Monday, August 21, 2017

You Must Be Staff Driven

Last week I wrote about a presentation I would be giving at one of my association's major conferences -- a presentation on the work product of one of our technical committees. In that post, I said this:

Why I'm giving this presentation -- instead of say, the chair or other member of the committee -- is an interesting story in and of itself. Without going into too much detail, let me just say that I think it is a reflection of a larger trend within my association where we are becoming more and more staff-driven. Or, if I want to be brutally honest, not staff- but CEO-driven. More on that, perhaps, in a future post.

Here's that future post.

I was at another conference not too long ago--a conference of my peers; chief staff executives of manufacturing-based trade associations--and I got into an interesting conversation with two colleagues of mine.

It was a discussion about the role of committees in our respective organizations. I trotted out my usual policy stance. Namely, that there are two different kinds of "committees" in our organization (committees in quotation marks because they go by several different names: committees, councils, task forces, working groups, etc.). Whatever we call them, there are essentially: (1) Governance committees that are appointed by the Board and which help the Board perform its governance function, and (2) Working committees that are appointed by the chief staff executive (i.e., me) and which help me manage the programs of the association. Although none of these working committees are currently chaired by me, I speculated in my discussion with my colleagues that perhaps that was a step worth taking, since one of the biggest challenges I had with our working committees was confusion over what their role in the organization was.

My two colleagues were both appalled by the apparent brazenness of my position. Neither one of them had anything like this in their organizations. For them, committees were always, always appointed by the Board and they always, always reported to the Board.

But aren't your Board agendas cluttered up with a lot of committee reports? Yes, they admitted that they were, and that this kept their Boards from being a strategic as they would like them to be.

And don't you have committee chairs trying to reinvent whatever strategy is determined at your Board table? Don't you find your attempts to execute a clear strategy hampered by a group of committee chairs who, rather than help you drive to the destination determined by the Board are always trying to define their own destinations and to get you to head in those directions? Again, yes, they admitted that these were among the most vexing problems that they faced.

Well, I told them, both of these problems are eliminated with the committee structure that I've described. When working committees report to the chief staff executive, and more pertinently, when the chief staff executive is actually positioned as the chair of those working committees, there's no need for the committee to report in to the Board, and there's no opportunity for the committee to work on things that fall outside the established strategy of the organization.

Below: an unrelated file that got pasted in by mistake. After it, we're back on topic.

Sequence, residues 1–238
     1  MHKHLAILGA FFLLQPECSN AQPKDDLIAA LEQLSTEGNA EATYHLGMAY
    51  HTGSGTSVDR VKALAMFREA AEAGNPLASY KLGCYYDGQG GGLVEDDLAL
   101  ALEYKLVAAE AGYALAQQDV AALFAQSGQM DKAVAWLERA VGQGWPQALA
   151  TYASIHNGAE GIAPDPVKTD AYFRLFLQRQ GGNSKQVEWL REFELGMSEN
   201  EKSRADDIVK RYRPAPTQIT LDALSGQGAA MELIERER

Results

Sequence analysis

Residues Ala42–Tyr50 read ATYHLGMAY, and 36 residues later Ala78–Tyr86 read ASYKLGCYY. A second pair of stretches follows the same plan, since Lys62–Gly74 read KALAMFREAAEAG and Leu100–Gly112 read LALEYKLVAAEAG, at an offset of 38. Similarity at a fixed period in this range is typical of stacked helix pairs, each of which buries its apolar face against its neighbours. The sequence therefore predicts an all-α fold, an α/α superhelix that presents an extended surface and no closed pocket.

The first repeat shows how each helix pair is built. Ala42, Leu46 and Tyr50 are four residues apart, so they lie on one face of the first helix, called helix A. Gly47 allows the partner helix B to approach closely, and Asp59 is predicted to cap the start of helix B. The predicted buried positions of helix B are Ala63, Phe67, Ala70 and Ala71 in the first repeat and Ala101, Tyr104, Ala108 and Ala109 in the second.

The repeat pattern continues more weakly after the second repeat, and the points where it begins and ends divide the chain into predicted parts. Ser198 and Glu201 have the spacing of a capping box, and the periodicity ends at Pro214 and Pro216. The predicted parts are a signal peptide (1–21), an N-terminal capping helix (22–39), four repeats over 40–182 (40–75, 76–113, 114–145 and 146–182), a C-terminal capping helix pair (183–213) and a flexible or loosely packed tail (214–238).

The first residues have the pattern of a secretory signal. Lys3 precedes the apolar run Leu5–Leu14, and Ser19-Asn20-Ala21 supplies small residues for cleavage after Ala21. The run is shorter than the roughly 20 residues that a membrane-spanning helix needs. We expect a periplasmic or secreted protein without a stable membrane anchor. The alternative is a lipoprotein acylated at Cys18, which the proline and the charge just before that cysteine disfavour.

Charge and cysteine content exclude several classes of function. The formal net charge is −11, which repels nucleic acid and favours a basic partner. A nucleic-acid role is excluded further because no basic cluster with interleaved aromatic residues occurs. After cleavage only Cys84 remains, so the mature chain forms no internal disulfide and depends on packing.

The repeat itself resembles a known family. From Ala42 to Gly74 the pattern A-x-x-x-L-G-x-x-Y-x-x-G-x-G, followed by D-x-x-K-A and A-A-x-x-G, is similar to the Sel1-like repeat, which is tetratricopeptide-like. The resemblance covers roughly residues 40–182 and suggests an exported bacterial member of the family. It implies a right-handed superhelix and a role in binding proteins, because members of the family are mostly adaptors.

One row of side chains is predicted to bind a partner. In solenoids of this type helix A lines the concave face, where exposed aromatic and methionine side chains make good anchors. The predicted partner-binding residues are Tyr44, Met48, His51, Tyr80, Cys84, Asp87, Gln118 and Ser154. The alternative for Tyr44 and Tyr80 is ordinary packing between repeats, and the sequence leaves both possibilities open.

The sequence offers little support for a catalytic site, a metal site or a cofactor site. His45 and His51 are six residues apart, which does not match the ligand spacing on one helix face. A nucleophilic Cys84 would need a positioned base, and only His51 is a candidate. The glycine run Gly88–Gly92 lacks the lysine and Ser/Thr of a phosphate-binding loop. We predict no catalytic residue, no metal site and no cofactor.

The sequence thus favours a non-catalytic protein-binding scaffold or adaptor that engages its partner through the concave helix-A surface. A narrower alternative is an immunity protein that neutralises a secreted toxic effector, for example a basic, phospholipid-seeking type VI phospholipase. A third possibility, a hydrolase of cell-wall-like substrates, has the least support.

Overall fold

You must be staff driven, one of the colleagues said to me.

That made me stop and think. Staff driven. It's often a pejorative term in our industry, those using it seeming to imply that the association in question is less ethical than one "driven" by the volunteers. I've shied away from the term myself over the years, preferring to think that whatever control I was exerting over the associations I've worked for was solidly subservient to the strategic and budgetary decisions made by the elected volunteer leadership.

But the discussion with my colleagues helped me realize that it was no longer useful for me to be doing that. Like so many things in our world, the concepts of being staff driven and volunteer driven too often set up a false dichotomy in our minds and attitudes. The best associations, I believe, are neither staff driven nor volunteer driven. They are both. Their governance is volunteer driven and their management is staff driven.

Pretending that the appropriately staff driven parts of your organization are volunteer driven serves neither your volunteers nor the mission of your association. When it comes to executing a clear and coherent strategy, I believe you must be staff driven. And if that means that your working committees report to your staff, then that it what it needs to mean. To be effective, that part of your organization must not only be staff driven, it must be unapologetically so.

+ + +

This post first appeared on Eric Lanke's blog, an association executive and author. You can follow him on Twitter @ericlanke or contact him at

Image Source

No comments:

Post a Comment